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Celebrating July 2, America's other Independence Day

July 2, and the end of apartheid in America
July 2, and the end of apartheid in America 02:43

With Thursday's Supreme Court ruling striking down affirmative action in college admissions, it has been a landmark week. Commentary now from historian Mark Updegrove, president of the LBJ Foundation in Austin, about a similarly momentous day in American history:

Fifty-nine years ago today, legal apartheid in America came to an abrupt end. President Lyndon Johnson addressed the nation from the East Room of the White House:

"I am about to sign into law the Civil Rights Act of 1964 …. Let us close the springs of racial poison."

From the archives: LBJ signs the Civil Rights Act 07:17

Afterward, ours was a changed nation, prohibiting discrimination on the basis of race, color, religion, sex, and national origin. The back of Jim Crow, with its false promise of "separate but equal" public accommodations, was broken, as America fulfilled its most sacred ideal: "All men are created equal."

Since then, the Civil Rights Act has become as fundamental to our national identity as any of our founding documents, deeply rooted in the fabric of a nation that strives to be "more perfect" and to move ever forward.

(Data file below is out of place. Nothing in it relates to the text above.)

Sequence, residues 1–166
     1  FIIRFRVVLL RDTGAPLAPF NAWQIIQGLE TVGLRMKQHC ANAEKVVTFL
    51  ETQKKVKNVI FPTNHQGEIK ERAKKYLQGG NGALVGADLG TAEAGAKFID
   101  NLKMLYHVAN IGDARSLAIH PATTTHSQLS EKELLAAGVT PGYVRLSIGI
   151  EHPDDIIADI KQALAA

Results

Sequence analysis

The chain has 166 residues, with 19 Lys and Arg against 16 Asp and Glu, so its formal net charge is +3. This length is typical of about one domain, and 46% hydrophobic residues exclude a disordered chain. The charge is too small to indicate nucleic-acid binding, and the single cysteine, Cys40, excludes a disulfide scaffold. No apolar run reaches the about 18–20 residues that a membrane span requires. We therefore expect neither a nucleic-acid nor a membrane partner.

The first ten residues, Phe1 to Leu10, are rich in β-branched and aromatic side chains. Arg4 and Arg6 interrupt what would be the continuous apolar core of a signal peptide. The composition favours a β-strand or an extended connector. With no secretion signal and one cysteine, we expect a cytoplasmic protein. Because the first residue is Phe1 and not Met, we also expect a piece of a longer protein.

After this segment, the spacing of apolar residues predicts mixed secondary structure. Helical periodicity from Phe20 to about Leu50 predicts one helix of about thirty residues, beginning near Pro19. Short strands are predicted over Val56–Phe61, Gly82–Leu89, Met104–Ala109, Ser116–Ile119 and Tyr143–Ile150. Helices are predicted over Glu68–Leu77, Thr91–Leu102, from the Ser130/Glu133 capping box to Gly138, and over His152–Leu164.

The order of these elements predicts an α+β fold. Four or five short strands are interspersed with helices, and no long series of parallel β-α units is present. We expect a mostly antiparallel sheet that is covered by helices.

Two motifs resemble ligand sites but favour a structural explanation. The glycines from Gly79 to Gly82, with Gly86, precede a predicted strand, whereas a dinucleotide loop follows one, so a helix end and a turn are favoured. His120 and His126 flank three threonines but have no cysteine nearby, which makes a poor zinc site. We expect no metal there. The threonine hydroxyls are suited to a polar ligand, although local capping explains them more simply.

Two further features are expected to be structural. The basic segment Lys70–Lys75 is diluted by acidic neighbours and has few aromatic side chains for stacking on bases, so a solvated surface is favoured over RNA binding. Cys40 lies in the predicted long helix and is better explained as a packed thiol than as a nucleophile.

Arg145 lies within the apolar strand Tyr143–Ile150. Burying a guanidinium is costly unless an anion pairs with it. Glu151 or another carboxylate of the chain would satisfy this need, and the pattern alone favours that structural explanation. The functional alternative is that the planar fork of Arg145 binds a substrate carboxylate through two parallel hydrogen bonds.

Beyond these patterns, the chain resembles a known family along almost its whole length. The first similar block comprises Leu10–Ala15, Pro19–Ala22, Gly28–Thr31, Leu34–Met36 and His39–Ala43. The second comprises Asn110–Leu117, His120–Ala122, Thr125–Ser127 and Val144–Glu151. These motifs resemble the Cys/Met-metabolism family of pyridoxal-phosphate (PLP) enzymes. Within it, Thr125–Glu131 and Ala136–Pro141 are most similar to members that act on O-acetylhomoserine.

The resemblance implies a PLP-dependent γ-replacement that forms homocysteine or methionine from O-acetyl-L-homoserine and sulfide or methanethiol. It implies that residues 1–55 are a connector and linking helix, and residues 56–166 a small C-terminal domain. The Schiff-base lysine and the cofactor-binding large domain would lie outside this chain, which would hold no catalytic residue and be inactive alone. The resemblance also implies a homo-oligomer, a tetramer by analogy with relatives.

In a deeply-divided America, where faith in government has ebbed, and affirmative action is under siege, it's worth reflecting on the fruition of the Civil Rights Act as a snapshot of our country at its best ...

A time when Martin Luther King and an army of non-violent warriors put their bodies on the line to expose the worst of bigotry and racial tyranny ...

When a bipartisan Congress – Democrats and Republicans alike – joined together to overcome a bloc of obstructionist Southern Democrats who staged the longest filibuster in Senate history, and force passage of the bill ...

And when a President put the weight of his office behind racial justice, dismissing adverse political consequences by responding, "What the hell's the presidency for?"

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Why did Johnson choose to sign the Civil Rights Act on July 2, instead of doing so symbolically on July 4, as Americans celebrated Independence Day? He wanted to sign the bill into law as soon as possible, which he did just hours after it was passed.

And that separate date makes sense. The signing of the Civil Rights Act deserved its own day. Because for many marginalized Americans, July 2 was Independence Day, a day when every citizen became equal under the law.

And that's something we should all celebrate.

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Story produced by Robert Marston. Editor: Karen Brenner.

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